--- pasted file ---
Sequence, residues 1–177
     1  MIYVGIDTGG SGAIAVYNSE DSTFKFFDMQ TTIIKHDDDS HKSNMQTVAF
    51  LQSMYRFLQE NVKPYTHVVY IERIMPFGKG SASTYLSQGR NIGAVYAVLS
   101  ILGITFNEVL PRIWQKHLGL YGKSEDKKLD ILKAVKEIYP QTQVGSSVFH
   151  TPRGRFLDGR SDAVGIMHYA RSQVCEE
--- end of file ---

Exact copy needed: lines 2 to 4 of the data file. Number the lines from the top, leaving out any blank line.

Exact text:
     1  MIYVGIDTGG SGAIAVYNSE DSTFKFFDMQ TTIIKHDDDS HKSNMQTVAF
    51  LQSMYRFLQE NVKPYTHVVY IERIMPFGKG SASTYLSQGR NIGAVYAVLS
   101  ILGITFNEVL PRIWQKHLGL YGKSEDKKLD ILKAVKEIYP QTQVGSSVFH